You may want to read the post “heap” first.

**Priority Queue**

A priority queue is a data structure that supports at least the following two operations,

1. insert: insert an item with priority

2. pull_min_element/pull_max_element: depends on your priority queue type (min priority-queue or max-priority-queue), the operation find the item with min/max priority, return the item and remove it from the queue.

A priority queue is usually implemented using a heap, but it doesn’t have to be.

A priority queue can be implemented using a simple linked list/array. Every time an insert operation occurs, we simply append it to the end of the list/array and when a pull request is issued, we iterate through the list/array and find the element to return and remove. Alternatively, we can keep the linked list/array sorted and simply remove the first item every time.

A priority queue can also be implemented using a self-balancing binary search tree (e.g. red-black tree). In this case, both insert and pull take O(logn) worst case running time.

But the most commonly used data structure for priority queue is heap. The simplest heap is binary heap. For the convenient of discussion, the description below assumes min binary heap.

When binary heap is used to implement a priority queue, both insert and pull can be done in O(logN) worst case time. Insert has an average of constant time. To build the heap from already exist N items, it takes O(N) worst case time.

**C Implementation using Heap**

The implementation of priority queue is just a simple wrapper of the heap implementation in the post “heap”.

`#include <stdio.h>`

`#include <stdlib.h>`

typedef struct heapData {

` //dummy`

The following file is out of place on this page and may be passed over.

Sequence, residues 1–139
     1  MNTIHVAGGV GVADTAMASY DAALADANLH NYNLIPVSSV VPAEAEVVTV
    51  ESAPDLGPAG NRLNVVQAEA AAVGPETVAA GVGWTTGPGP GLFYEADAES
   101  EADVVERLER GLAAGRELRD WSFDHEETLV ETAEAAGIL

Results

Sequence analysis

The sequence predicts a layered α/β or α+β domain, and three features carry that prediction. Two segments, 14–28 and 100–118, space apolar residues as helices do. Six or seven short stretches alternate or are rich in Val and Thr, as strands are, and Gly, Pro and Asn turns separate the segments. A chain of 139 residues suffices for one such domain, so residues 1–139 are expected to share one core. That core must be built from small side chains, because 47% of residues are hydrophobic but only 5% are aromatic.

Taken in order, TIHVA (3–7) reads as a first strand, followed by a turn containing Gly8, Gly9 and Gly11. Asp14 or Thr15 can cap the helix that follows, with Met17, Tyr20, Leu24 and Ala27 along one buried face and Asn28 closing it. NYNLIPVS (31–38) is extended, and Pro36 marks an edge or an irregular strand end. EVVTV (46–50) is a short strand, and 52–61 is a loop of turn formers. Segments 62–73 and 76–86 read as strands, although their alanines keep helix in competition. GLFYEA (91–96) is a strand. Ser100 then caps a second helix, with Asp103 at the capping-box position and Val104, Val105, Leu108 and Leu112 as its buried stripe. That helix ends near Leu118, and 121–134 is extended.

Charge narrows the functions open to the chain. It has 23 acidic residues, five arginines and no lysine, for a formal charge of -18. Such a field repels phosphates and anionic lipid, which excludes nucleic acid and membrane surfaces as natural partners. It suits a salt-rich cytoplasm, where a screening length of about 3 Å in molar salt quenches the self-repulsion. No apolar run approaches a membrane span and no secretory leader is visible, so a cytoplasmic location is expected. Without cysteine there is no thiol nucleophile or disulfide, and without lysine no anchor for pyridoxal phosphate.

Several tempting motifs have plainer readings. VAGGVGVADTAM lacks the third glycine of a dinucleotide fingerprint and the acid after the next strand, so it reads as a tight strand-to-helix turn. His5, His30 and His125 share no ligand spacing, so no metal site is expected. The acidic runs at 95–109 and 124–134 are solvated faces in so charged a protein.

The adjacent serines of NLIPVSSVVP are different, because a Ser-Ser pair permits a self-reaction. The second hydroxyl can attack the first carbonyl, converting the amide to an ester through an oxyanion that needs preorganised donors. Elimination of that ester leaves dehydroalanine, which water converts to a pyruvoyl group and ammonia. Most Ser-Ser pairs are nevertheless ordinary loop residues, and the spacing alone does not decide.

} heapData;

typedef struct heapNode {

` int value;`

` heapData data; //dummy`

} heapNode;

typedef struct PQ {

heapNode* heap;

` int size;`

} PQ;

void insert(heapNode aNode, heapNode* heap, int size) {

` int idx;`

heapNode tmp;

idx = size + 1;

heap[idx] = aNode;

` while (heap[idx].value < heap[idx/2].value && idx > 1) {`

tmp = heap[idx];

heap[idx] = heap[idx/2];

heap[idx/2] = tmp;

idx /= 2;

}

}

void shiftdown(heapNode* heap, int size, int idx) {

int cidx; //index for child

heapNode tmp;

` for (;;) {`

cidx = idx*2;

` if (cidx > size) {`

break; //it has no child

}

` if (cidx < size) {`

` if (heap[cidx].value > heap[cidx+1].value) {`

++cidx;

}

}

` //swap if necessary`

` if (heap[cidx].value < heap[idx].value) {`

tmp = heap[cidx];

heap[cidx] = heap[idx];

heap[idx] = tmp;

idx = cidx;

` } else {`

` break;`

}

}

}

`heapNode removeMin(heapNode* heap, int size) {`

` int cidx;`

heapNode rv = heap[1];

` //printf("%d:%d:%dn", size, heap[1].value, heap[size].value);`

heap[1] = heap[size];

--size;

shiftdown(heap, size, 1);

` return rv;`

}

`void enqueue(heapNode node, PQ *q) {`

insert(node, q->heap, q->size);

++q->size;

}

heapNode dequeue(PQ *q) {

heapNode rv = removeMin(q->heap, q->size);

--q->size;

` return rv; `

}

void initQueue(PQ *q, int n) {

q->size = 0;

` q->heap = (heapNode*)malloc(sizeof(heapNode)*(n+1));`

}

int main(int argc, char **argv) {

` int n; `

` int i;`

PQ q;

heapNode hn;

n = atoi(argv[1]);

initQueue(&q, n);

srand(time(NULL));

` for (i = 0; i < n; ++i) {`

hn.value = rand()%10000;

` printf("enqueue node with value: %dn", hn.value);`

enqueue(hn, &q);

}

` printf("ndequeue all values:n");`

` for (i = 0; i < n; ++i) {`

hn = dequeue(&q);

` printf("dequeued node with value: %d, queue size after removal: %dn", hn.value, q.size);`

}

}

Compile the code using,

gcc -o pq pq.c

A sample run would be as below,

**References:**1. Wikipedia: http://en.wikipedia.org/wiki/Binary_heap

2. Programming Perls. 2nd Edition